Me (at right) with Mrs. S. and my younger sister.

I received some very sad news last week: my kindergarten teacher, Mrs. S, has died. (Honestly, though, I’m amazed that I found out. Her daughter found me somehow even though I’ve since changed my surname through marriage, and had an exceedingly common last name before that.)

Of course, I’m a grown adult, so it’s not unexpected that my teachers are beginning to die; the history teacher who delighted in policing the length of our uniform skirts and the shininess of our saddle oxfords died last year. But I’m a little ashamed to say that I’d assumed Mrs. S had died years ago because she’d retired not long after I was in her class.

And I must say how very much Mrs. S meant to me. In my day (gathers shawl around withered shoulders), the neighborhood school didn’t offer preschool, so kindergarten was my first shot at being away from the house all day. In addition, I was raised in isolation and didn’t go outside much (that’s another story), so I wasn’t used to being around other children. My mother left me at the classroom door with a warning that I’d better not cry “or else,” and that was it. I freaked out a little, but fought back my tears even though my mother was gone because I was that scared of her. And Mrs. S was there, like a ministering angel.

Mrs. S taught me that there were adults I didn’t have to fear, that there was a place where I could feel safe and loved. I thrived under her loving attention, and she doted on me. I already knew how to read, so Mrs. S arranged for me to spend some time in a 3rd grade classroom reading at their level while my classmates learned their alphabet in wonderful big workbooks that had glittered letters on the covers (she even let me have a set of those workbooks, just because.) Mrs. S made me the narrator for our Christmas pageant. I have only a few memories of that year, but they are wonderful memories, suffused with tenderness and light.

Because of Mrs. S, I became a confident student who loved school. No matter how bad things got at home, I knew I was safe at school and that school was a place where I could shine, even if my parents didn’t appreciate me. Even in later years when I was bullied mercilessly, I never gave up my love of school and my faith that if I did my best, I would be rewarded. Born to two high school dropouts, I finished elementary school early and won a scholarship to a prep school where I was always on the honor roll and praised by my teachers. I won prize after academic prize, but never managed to win my parents’ love and approval. Still, part of me remembered and clung to that amazing lady (and her successors, who taught me so many wonderful things.)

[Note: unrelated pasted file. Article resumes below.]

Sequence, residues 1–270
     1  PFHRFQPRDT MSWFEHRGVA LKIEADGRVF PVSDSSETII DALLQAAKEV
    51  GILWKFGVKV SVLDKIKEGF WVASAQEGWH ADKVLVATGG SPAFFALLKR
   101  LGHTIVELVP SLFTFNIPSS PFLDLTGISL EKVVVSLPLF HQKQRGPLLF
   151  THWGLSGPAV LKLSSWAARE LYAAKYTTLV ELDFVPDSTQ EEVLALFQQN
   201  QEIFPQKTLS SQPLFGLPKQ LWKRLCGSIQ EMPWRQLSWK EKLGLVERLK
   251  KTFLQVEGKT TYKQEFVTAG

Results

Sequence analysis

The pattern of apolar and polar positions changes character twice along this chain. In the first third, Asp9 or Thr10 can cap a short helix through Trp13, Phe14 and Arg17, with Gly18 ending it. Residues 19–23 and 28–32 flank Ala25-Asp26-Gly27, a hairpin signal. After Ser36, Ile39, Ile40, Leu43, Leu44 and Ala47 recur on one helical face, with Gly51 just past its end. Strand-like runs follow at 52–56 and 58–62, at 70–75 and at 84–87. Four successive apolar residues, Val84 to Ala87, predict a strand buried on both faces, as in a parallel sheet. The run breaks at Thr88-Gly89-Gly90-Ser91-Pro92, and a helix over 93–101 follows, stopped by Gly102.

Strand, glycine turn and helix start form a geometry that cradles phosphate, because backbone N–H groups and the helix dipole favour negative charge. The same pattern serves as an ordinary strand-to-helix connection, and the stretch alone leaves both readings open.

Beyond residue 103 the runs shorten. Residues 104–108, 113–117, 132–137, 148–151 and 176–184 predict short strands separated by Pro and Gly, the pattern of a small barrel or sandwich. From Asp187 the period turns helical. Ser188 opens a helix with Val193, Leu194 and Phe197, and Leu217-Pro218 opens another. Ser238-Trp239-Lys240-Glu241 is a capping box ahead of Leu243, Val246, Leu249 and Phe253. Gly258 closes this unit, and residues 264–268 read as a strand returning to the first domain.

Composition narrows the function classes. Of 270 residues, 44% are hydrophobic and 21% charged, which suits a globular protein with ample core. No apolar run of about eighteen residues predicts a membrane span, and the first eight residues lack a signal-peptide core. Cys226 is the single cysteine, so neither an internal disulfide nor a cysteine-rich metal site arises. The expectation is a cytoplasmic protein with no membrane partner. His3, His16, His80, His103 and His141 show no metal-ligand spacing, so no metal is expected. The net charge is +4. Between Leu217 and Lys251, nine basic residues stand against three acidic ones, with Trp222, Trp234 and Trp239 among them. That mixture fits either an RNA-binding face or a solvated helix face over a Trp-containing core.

I have two children now, wonderfully quirky and happy children to whom I do my very best to give the love and approval I never felt from my own parents. I don’t know if any of their teachers will shine for them as Mrs. S did for me–but then again, I don’t want them to ever feel they have to look to others for the parental love that is their right, that is owed to them.

I invited Mrs. S to my high school graduation, which she was unable to attend due to illness. (This is probably why I thought she had already died.) Years later, when I read the transcript of Mr. Rogers’ acceptance speech for his Lifetime Achievement Emmy, in which he asks the crowd to remember the adults who “loved [them] into being,” I thought of Mrs. S, and of the sad little girl she helped so long ago and had (I assumed) probably forgotten.

Mrs. S is gone now, but she will live on in my heart, and she will live forever wherever grown-ups who are good and kind and loving see the potential in children who have been told they are less than, that they are ugly, that they are worthless, by those who should have loved them best. Her daughter says that she remembered Mrs. S telling her about me (she was in college but still living at home at the time.) She said that that invitation to my graduation had been among Mrs. S’s personal effects, that she had “cherished it over the years.”

If you ever had a teacher who meant the world to you once upon a time, it might be good to reach out and let them know. You know, before it’s too late.